Author: "Alberto Gianinetti"

An Account of Thermodynamic Entropy

eBook: US $29 Special Offer (PDF + Printed Copy): US $116
Printed Copy: US $102
Library License: US $116
ISBN: 978-1-68108-394-0 (Print)
ISBN: 978-1-68108-393-3 (Online)
Year of Publication: 2017
DOI: 10.2174/97816810839331170101


The second law of thermodynamics is an example of the fundamental laws that govern our universe and is relevant to every branch of science exploring the physical world. This reference summarizes knowledge and concepts about the second law of thermodynamics and entropy. A verbatim explanation of chemical thermodynamics is presented by the author, making this text easy to understand for chemistry students, researchers, non-experts, and educators.


Review 1

Book Review: An Account of Thermodynamic Entropy by Alberto Gianinetti

The book describes the thermodynamic entropy using basically a verbal presentation combined with few mathematical expressions that keeps a rigorous scientific approach to the matter. The essential outlines for a verbal account of thermodynamic entropy are summarized in the last chapter. The main purpose of the book is to demonstrate from a rigorous scientific viewpoint the validity of the proposed verbal presentation. Several examples given by the author illustrate the concept of entropy in its different expressions. The book consists of twenty one chapters. The first chapter gives basic concepts of thermodynamics. The second chapter explains the concept of entropy within the context of classical thermodynamics. The third and fifth chapters discuss two manners to transfer energy to a system from surroundings, namely, heat and work. The entropy definition based on reversible processes is described in the fourth chapter. The sixth chapter is dedicated to the entropy concept from the viewpoint of statistical mechanics. The next chapter provides explanations about the temperature concept. Spontaneous processes are considered in the eight chapter. The next four chapters represent some topics of statistical mechanics. The thirteenth and fourteenth chapters describes spontaneous process from the microscopic theory. The relation of chemical potential to entropy is discussed in the fifteenth chapter. The next three chapters contain a discussion about entropy variation and its maximum in an equilibrium state. Chapters nineteen and twenty explain the definition of entropy based on quantum theory. Finally, twenty first Chapter is devoted to pedagogical aspects of thermodynamic entropy. The book is well written. Since it does not use a hard mathematical formalism, it can be recommended for students and researchers from non-engineering areas like biology, medicine, pharmacology etc.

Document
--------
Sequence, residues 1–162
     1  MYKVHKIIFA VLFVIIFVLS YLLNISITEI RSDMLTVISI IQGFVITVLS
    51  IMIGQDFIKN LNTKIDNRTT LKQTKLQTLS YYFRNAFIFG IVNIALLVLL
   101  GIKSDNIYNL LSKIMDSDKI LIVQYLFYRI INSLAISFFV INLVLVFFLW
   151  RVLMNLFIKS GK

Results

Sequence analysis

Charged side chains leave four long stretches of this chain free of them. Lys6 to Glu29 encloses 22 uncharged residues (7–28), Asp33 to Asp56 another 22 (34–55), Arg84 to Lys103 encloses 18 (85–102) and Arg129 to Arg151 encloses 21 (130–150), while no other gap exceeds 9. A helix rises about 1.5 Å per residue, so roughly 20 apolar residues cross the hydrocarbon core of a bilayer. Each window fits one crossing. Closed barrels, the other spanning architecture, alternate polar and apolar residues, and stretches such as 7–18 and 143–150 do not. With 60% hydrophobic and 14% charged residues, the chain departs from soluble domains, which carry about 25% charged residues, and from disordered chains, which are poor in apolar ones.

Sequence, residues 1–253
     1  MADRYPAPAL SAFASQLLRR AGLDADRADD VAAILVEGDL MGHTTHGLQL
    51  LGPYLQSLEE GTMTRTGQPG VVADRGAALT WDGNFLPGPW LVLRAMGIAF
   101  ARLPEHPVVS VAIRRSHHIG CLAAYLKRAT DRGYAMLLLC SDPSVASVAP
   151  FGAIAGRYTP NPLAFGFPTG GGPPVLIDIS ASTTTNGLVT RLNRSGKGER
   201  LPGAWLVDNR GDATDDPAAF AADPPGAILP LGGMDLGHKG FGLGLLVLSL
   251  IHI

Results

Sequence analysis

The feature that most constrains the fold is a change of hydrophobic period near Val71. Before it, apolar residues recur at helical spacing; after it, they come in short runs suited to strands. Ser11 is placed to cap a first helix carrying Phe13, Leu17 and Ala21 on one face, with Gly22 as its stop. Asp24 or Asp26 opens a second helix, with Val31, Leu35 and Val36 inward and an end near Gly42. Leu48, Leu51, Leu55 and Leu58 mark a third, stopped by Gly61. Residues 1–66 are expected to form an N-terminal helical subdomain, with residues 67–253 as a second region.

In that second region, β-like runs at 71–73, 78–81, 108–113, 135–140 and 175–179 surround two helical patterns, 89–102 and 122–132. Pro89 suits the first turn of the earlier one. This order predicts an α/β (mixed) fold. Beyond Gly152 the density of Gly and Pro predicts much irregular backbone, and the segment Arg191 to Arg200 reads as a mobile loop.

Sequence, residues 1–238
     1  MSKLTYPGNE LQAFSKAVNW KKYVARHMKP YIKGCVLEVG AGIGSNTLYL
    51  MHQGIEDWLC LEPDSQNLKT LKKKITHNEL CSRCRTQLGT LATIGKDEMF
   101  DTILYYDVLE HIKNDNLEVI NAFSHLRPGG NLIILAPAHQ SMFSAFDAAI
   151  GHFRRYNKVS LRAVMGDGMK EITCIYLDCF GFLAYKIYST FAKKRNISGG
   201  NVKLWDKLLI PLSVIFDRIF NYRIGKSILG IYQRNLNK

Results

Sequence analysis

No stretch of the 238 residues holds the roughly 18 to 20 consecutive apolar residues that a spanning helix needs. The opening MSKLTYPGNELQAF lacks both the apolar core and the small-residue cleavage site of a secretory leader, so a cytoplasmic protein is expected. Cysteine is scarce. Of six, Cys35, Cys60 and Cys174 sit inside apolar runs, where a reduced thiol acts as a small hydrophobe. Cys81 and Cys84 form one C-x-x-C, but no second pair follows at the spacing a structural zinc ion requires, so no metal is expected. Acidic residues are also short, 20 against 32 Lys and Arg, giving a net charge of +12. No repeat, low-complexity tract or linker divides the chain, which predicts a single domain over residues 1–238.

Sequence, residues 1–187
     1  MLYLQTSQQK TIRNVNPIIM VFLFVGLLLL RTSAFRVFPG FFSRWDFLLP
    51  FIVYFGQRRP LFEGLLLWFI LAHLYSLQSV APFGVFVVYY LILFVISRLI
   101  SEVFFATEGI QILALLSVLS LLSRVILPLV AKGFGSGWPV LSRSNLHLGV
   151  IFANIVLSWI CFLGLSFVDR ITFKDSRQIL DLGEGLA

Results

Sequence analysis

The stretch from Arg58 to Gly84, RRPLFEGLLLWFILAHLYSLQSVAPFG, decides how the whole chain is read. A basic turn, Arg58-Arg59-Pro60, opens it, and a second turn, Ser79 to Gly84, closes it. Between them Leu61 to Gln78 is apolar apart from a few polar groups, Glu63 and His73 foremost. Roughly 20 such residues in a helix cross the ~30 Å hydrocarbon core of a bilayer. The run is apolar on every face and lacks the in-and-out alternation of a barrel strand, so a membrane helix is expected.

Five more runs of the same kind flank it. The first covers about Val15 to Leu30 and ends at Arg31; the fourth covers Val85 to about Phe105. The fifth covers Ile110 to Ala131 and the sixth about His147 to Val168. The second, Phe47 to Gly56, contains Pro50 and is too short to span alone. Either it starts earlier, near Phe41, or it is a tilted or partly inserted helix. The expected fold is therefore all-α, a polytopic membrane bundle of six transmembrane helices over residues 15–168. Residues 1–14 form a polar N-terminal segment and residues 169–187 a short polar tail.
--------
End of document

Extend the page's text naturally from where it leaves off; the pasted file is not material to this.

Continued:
Dr. Felix Sharipov
Departamento de Física
Universidade Federal do Paraná
Paraná, Brazil